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Our holdings include hundreds of glass and film negatives/transparencies that we've scanned ourselves; in addition, many other photos on this site were extracted from reference images (high-resolution tiffs) in the Library of Congress research archive. (To query the database click here.) They are adjusted, restored and reworked by your webmaster in accordance with his aesthetic sensibilities before being downsized and turned into the jpegs you see here. All of these images (including "derivative works") are protected by copyright laws of the United States and other jurisdictions and may not be sold, reproduced or otherwise used for commercial purposes without permission.

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[REV 25-NOV-2014]

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Long Branch Park: 1905

Long Branch Park: 1905

Onondaga County, New York, circa 1905. "Streetcar depot, Long Branch Park. Syracuse, Lake Shore and Northern Railroad." An interesting glimpse of the interurban system that served Syracuse and neighboring towns until the 1930s. 8x10 inch glass negative, Detroit Publishing Co. View full size.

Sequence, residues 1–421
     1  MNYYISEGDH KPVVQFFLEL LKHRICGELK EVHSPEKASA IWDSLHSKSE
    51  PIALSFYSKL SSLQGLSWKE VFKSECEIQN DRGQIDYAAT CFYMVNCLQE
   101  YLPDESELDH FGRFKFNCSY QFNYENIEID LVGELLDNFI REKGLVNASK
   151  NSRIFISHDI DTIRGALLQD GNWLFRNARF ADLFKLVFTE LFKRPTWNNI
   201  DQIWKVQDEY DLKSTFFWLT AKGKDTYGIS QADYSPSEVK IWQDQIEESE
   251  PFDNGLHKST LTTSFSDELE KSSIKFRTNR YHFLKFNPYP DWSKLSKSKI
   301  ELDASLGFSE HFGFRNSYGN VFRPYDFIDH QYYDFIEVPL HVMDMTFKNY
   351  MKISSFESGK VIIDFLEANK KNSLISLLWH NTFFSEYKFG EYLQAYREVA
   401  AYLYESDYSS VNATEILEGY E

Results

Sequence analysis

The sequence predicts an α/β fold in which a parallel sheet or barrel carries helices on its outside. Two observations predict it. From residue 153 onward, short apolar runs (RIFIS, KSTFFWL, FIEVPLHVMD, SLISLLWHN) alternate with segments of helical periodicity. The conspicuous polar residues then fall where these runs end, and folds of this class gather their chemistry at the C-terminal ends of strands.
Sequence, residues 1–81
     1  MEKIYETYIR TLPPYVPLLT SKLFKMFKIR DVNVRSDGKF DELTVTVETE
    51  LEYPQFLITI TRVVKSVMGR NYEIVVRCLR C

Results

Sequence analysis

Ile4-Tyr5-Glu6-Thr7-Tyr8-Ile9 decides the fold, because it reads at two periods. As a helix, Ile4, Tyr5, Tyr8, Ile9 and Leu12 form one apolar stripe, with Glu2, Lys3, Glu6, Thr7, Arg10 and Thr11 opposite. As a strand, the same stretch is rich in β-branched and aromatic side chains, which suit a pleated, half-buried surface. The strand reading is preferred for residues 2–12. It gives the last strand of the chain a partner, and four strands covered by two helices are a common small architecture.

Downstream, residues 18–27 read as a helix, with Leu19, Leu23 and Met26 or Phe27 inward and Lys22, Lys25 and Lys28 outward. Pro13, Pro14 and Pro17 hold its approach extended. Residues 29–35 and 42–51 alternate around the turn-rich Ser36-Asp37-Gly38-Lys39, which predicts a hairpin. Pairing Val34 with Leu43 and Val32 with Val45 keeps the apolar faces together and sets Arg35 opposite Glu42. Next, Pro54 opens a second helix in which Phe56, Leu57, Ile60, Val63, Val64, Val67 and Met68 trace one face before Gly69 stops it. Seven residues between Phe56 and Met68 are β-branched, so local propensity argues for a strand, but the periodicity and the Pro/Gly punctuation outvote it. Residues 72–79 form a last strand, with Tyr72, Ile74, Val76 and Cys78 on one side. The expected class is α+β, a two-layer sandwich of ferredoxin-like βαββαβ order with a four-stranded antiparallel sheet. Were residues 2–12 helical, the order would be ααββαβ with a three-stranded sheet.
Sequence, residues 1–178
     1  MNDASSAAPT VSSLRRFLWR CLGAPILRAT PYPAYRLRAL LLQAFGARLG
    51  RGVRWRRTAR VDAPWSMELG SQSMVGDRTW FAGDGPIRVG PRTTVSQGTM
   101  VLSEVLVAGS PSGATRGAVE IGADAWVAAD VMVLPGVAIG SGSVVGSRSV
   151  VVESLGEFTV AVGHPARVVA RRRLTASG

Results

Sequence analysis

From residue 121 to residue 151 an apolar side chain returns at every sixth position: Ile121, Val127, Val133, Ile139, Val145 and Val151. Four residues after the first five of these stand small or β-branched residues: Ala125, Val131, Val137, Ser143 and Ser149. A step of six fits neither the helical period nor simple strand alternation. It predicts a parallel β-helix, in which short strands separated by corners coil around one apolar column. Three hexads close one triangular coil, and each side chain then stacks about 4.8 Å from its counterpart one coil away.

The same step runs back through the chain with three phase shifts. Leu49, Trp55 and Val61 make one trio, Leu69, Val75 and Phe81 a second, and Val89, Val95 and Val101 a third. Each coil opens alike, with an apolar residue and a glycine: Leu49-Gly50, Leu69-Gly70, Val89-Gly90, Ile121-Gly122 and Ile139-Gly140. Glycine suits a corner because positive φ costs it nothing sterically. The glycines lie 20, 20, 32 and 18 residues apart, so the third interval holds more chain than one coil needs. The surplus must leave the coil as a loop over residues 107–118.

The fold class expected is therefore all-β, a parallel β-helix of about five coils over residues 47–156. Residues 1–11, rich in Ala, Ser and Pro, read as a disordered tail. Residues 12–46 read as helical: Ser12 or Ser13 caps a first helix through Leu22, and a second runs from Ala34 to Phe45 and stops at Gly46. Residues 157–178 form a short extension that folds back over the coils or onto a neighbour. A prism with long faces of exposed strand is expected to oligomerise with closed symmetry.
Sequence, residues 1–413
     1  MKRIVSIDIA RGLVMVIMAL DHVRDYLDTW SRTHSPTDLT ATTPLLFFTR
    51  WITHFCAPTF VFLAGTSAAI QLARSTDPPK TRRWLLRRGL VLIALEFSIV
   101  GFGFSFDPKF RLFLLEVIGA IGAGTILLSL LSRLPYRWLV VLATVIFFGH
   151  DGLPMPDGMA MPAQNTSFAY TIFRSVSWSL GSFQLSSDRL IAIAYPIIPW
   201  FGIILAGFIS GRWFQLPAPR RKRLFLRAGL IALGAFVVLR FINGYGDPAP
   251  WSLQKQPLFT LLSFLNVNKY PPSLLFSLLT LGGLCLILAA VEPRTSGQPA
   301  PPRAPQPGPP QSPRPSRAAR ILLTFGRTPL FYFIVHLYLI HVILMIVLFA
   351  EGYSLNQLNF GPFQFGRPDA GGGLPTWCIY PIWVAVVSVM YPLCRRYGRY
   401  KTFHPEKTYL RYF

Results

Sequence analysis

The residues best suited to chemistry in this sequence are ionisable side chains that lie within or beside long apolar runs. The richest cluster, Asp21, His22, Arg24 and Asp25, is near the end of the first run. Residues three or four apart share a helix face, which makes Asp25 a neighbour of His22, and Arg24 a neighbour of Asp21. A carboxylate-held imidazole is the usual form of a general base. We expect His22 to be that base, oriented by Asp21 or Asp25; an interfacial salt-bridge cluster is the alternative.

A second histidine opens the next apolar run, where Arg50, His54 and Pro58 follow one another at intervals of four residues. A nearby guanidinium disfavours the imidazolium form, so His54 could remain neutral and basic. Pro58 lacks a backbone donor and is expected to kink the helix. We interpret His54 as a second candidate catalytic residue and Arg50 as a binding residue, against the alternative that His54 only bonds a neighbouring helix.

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To Chicago on my dime

A 1950s American Heritage article, "Goodbye to the Interurban," recalls how a person could pay a nickel in New York City and ride using transfers to Syracuse, then take a regular train for 20 miles, then pay another nickel and ride to Chicago using transfers -- all on interurbans, except for that 20-mile gap. Sounds like a grueling trip, but cheap.

The park remains - no so the railroad

The last of the interurban lines in Onondaga County's Syracuse NY area were dismantled about 1932. The advent of automobiles had eroded their primary function of connecting local village/town centers.

Long Branch Park remains, however, and remains a pleasant wooded gathering spot in the outer Syracuse area for events such as car shows, ethnic festivals, picnics and exhibits.

The decline and fall of rapid transit

Little did they know: since about 1915 it's been all downhill.

Maybe yes, maybe no

Somewhere I picked up a story that, at one time, a person could get halfway across the country by hopping from one interurban line to the next. I do not know if this is true, but there sure were a lot them.

SHORPY OLD PHOTO ARCHIVE | History in HD is a vintage photo archive featuring thousands of high-definition images from the 1850s to 1960s. (Available as fine-art prints from the Shorpy Archive.) The site is named after Shorpy Higginbotham, a teenage coal miner who lived 100 years ago.

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